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'Where Are All the Refs?: Why Traditional Friday Night Games Are Now Being Played on Thursdays' by Ezekiel Akinbade, Prosser HS
 1/30/2023 12:00:00 AM

Ezekiel Akinbade
Prosser High School, Class of 2023

Like many other states, Washington is facing a sports crisis: a referee shortage. Many refs have left the profession with no plans of returning. One might cite the COVID-19 pandemic as a possible reason for this occurrence, as many industries saw a workforce decrease post-lockdown. But was the pandemic really to blame? Or is this a problem long in the making that COVID-era policies may have just exacerbated?

I have been a first-hand witness to the treatment of sports officials as a fan, a player, a coach, and as a referee myself. I officiated for over 40 flag football games, and there wasn’t a single game that I didn’t get chewed out by the parents. That’s to be expected; in the heat of the moment, pleasantries are often forgotten. However, these were second and third-grade games, in a rec league at that! Therein is the root of the problem: we, as sports fans, have accepted the reality of harsh treatment of officials at any level as “part of the culture.” This is the wrong approach, referees are human too, and while they make mistakes, their profession calls for a certain amount of integrity– a virtue that is rarely abandoned.

With over 400 WIAA-sanctioned games daily in need of officials, the responsibility of logistics and execution lies in the hands of the Washington Officials Association (WOA). From clinics to certifications to testing and payment, the WOA ensures the facilitation of high school sports in Washington.

I spoke with the WOA Executive director, Todd Stordahl, regarding officiating. According to Todd, a relatively new occurrence in the field is parents coming out of the stands “to confront players, coaches or officials.” Not only do these incidents disrupt the flow of the game, but they also pose a safety concern for all those involved. In the 20 years that Todd has worked in the WOA, the frequency of these altercations has risen from “every now and then” to almost a weekly basis. With this sort of treatment, it's no surprise that many officials might reconsider returning on a year-to-year basis.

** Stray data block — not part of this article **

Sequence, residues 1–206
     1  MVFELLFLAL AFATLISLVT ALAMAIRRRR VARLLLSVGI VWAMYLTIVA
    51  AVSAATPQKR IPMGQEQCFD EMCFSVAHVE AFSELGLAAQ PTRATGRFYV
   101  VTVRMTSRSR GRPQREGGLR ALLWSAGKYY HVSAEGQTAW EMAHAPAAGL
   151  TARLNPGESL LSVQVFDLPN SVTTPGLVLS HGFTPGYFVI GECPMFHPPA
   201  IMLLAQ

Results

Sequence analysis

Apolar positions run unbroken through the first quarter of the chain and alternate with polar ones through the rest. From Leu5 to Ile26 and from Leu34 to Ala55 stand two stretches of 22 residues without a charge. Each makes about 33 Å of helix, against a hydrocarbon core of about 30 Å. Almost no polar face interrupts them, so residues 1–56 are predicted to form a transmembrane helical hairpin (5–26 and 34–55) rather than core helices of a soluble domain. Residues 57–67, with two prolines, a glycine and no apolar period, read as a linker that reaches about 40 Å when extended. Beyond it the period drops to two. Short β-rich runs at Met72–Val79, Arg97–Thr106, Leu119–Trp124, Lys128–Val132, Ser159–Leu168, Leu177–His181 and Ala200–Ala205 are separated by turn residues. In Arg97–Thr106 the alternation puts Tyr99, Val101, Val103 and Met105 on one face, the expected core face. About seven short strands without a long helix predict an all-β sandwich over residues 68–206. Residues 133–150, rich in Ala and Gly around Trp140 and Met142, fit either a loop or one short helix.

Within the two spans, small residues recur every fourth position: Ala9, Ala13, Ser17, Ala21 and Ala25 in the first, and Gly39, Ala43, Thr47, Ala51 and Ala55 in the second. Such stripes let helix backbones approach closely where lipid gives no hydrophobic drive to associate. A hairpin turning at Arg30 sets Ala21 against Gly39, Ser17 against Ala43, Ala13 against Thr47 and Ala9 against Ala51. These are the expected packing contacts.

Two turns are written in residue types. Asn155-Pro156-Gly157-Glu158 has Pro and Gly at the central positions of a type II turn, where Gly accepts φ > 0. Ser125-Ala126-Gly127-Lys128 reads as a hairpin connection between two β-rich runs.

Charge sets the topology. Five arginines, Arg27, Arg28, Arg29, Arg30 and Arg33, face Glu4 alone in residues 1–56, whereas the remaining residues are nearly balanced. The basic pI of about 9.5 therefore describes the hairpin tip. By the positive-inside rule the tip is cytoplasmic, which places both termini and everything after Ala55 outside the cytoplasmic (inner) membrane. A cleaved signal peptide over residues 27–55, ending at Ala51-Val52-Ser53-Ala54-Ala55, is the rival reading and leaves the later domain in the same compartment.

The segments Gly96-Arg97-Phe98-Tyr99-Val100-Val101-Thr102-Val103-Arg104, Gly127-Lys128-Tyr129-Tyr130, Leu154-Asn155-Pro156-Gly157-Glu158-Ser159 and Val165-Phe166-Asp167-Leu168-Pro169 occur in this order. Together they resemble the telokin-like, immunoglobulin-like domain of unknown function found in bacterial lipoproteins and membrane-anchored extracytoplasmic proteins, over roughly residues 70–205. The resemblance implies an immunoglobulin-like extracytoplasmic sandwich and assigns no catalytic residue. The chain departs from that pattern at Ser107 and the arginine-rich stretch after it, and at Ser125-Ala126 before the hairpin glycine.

To Todd, there’s always a need for more officials, but the pandemic atrophied the ranks. The association lost over 1600 members, going from 4800 to 3200. As we spoke, I realized Todd was more concerned about getting the right people in black-and-white stripes than hitting some arbitrary numerical goal. This sentiment exemplifies what is seen throughout his organization, a real commitment to quality. However, when you’re constantly short you don’t have the ability to pick the cream of the crop, instead you’re forced to take whoever is avaible to offiate. Naturally, this removes the inherent incentive for offficals to perform at their best since the association doesn’t currently have the most flexibility in job assignment.

As for recruitment, the WOA is trying to look to a more diverse and younger demographic. There are two specific goals moving forward: to shape the officiating body to look like it’s community and to tap into high schools for new recruits. Todd Stordahl asserts that diversification not only strengths the quality of offiating, but opens the doors for new members. A particular initiative the WIAA is pursuing is to partner with high school CTE programs so that students can try officiating and not only get paid but earn school credit.

One approach to improve conditions for officials has been the sportsmanship program, piloted by the Snohomish County Basketball league. Essentially, after games, officials submit a sportsmanship survey in which they rate players, game management, and coaching staff. It’s become a way to highlight positive official interactions. The program has shown much initial promise, and the WIAA hopes to roll a version out to the broader sports community soon.

Todd left me with one last message: you’ve all spent years in the stands or on the courts and fields next to us; after it’s all said and done, why don’t you give officiating a try? We’d all be better for it.

Remember, like fans, coaches, and players, officials are an essential part of the game. Be kind. Be gracious. Be empathetic. Thank a ref.

If you or anyone you know is thinking of officiating, visit https://www.woa-officials.com/.

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January 2023

1/30/2023 'Where Are All the Refs?: Why Traditional Friday Night Games Are Now Being Played on Thursdays' by Ezekiel Akinbade, Prosser HS

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